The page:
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The Spectator

Seattle University's student newspaper since 1933

The Spectator

Seattle University's student newspaper since 1933

The Spectator


    Image Courtesy of Fox Searchlight Pictures

    It’s hard not to be intrigued by a movie when it’s an actor’s final on-screen performance—particularly when the actor in question in James Gandolfini and the movie is a gangster flick.

    In “The Drop,” directed by Michaël R. Roskam, the late Gandolfini plays an aging ex-mobster and bar manager named Marv. The bar, affectionately named Cousin Marv’s, is what they call a “drop bar”: envelopes stuffed with dirty cash are stashed in Marv’s safe while en route to a group of Chechen gangsters who own the bar, Marv having given it up when the Chechens squeezed him.

    Opposite Gandolfini is an easygoing and likeable, albeit vicious, bartender: Marv’s cousin Bob, played by Tom Hardy. Hardy offers a Brando-esque performance, muttering in an adopted outer-borough dialect. He’s a quiet everyman with a boring name and a shady past; he’s shy in the most exciting sense of the word.

    The plot of the film is relatively simple: a pair of masked hoodlums robs the bar and makes off with five grand of Chechen money. The Chechens, who remain suspicious of Marv and Bob (believing the robbery may have been an inside job), want their ill-gotten money back. Marv and Bob must get it back or face the consequences.

    Oh, there’s also a puppy that Bob adopts early on in the film when he finds it in a garbage can. The dog, sired “Rocco” by his new owner, is undeniably cute, but it comes with some baggage: its previous owner is a local sociopath played by Matthias Schoenaerts. Rocco also serves as an introduction to the owner of the garbage can, the beautiful Nadia played by Noomi Rapace.

    “The Drop” could get by on performances alone. Hardy is enthralling as a neo-noir protagonist, recalling images of an early Robert De Niro. He is at once charming in conversation and intimidatingly savage when violence is called for. Further, it is both wonderful and painful to see Gandolfini perform on the big screen for the last time, larger than life as a tortured, sometimes blundering gangster. His acting chops are on full display, and his commanding presence helps support the film throughout.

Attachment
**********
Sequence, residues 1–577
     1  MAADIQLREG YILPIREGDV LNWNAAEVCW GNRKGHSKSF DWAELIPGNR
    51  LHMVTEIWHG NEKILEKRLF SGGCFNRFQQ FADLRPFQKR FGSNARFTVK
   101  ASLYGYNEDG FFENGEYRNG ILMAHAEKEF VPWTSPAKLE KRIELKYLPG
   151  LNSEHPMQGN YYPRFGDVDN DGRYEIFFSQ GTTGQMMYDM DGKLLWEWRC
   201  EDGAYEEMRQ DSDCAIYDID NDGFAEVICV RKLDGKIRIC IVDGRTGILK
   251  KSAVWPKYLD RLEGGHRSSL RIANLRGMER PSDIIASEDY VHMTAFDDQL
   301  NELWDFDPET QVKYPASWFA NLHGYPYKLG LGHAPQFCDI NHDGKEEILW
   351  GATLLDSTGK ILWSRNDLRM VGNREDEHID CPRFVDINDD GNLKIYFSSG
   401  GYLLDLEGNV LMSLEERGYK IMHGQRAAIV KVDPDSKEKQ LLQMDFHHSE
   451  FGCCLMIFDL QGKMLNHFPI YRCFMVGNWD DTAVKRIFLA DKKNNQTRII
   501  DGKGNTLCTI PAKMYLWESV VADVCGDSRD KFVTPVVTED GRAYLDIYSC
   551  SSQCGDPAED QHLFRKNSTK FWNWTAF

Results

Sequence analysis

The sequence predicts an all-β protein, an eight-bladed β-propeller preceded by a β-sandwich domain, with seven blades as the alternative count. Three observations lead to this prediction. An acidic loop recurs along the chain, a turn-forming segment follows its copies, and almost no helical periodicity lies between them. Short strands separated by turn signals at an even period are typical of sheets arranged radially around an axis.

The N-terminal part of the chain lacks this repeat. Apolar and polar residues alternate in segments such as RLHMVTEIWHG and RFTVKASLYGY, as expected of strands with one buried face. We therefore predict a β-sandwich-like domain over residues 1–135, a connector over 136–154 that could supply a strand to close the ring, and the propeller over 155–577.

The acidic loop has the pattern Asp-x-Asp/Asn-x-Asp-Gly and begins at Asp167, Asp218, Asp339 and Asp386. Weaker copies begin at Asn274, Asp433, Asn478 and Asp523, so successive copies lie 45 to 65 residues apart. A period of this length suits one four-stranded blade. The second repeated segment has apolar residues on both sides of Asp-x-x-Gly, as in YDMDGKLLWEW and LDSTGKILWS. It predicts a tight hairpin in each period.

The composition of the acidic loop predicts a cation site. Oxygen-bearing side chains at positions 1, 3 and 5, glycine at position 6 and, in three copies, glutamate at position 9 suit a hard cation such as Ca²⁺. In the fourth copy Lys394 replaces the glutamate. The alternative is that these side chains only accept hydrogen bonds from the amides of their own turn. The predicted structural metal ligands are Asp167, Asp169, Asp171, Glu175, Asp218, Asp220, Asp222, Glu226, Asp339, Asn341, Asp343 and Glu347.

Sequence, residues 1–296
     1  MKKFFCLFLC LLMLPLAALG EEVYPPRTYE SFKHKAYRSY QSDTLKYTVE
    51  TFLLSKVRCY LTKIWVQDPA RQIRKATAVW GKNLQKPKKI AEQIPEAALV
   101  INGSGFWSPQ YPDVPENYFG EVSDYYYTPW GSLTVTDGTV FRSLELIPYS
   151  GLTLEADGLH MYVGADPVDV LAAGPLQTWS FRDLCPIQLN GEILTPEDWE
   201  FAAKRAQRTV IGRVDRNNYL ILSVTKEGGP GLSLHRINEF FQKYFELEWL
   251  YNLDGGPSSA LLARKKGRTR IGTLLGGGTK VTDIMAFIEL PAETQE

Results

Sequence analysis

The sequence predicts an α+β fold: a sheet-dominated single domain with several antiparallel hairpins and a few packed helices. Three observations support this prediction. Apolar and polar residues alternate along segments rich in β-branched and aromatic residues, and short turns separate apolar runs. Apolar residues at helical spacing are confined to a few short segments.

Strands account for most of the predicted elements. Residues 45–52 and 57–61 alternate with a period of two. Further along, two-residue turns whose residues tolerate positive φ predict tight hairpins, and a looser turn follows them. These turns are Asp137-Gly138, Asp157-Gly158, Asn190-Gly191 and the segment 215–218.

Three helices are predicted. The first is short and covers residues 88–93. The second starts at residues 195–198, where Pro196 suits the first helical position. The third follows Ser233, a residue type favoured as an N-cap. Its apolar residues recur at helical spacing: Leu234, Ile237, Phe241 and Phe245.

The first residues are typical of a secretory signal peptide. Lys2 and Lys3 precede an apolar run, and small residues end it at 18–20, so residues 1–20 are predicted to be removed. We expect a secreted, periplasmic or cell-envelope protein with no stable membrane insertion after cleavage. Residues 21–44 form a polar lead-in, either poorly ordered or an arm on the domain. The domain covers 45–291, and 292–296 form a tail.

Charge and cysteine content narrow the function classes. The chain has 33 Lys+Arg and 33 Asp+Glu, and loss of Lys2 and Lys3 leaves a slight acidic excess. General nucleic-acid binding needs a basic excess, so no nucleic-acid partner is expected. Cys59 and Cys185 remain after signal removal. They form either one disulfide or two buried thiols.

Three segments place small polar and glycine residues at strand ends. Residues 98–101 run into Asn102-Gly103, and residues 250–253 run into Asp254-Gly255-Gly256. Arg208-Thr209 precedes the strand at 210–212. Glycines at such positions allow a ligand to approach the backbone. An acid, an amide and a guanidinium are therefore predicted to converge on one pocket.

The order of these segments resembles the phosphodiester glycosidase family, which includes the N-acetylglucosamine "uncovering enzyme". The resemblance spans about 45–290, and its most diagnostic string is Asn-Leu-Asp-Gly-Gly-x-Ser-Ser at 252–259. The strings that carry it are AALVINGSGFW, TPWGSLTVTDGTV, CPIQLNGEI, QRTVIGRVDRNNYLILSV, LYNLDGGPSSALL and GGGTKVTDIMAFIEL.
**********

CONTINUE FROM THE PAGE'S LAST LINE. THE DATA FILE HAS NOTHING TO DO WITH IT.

However, the film’s storyline is worn sadly thin, having been adapted from an 8000-word short story written by screenwriter Dennis Lehane. The plot lurches slowly forward before coming to an all too unsatisfying conclusion. There’s an attempt at a twist towards the end of the film—as is expected of Lehane, who also wrote the screenplay for “Shutter Island”—but it falls short of being truly shocking. And the fluffy conclusion tacked on to the end of the film doesn’t help the script’s integrity.

    Still, where the plot falls short, the acting abilities are enough to make up for it. Further, the cinematography and Brooklyn setting offer an authentically gritty quality that resonates deeply; the film seems to hide bits of the story in its concrete alleyways.

    In all, Belgian director Michael R. Roskam’s uneven but poignant English language debut is a modest success. Supported by excellent acting and a passable (if tired) story, the film engages where it needs to.

    While “The Drop” is certainly worth seeing, a matinee would be preferable to a full-price evening ticket. It’s not going to rock your world, but it’s a decent gangster movie starring a few of Hollywood’s best actors, and that alone is worth the price of admission.

    Will may be reached at [email protected].

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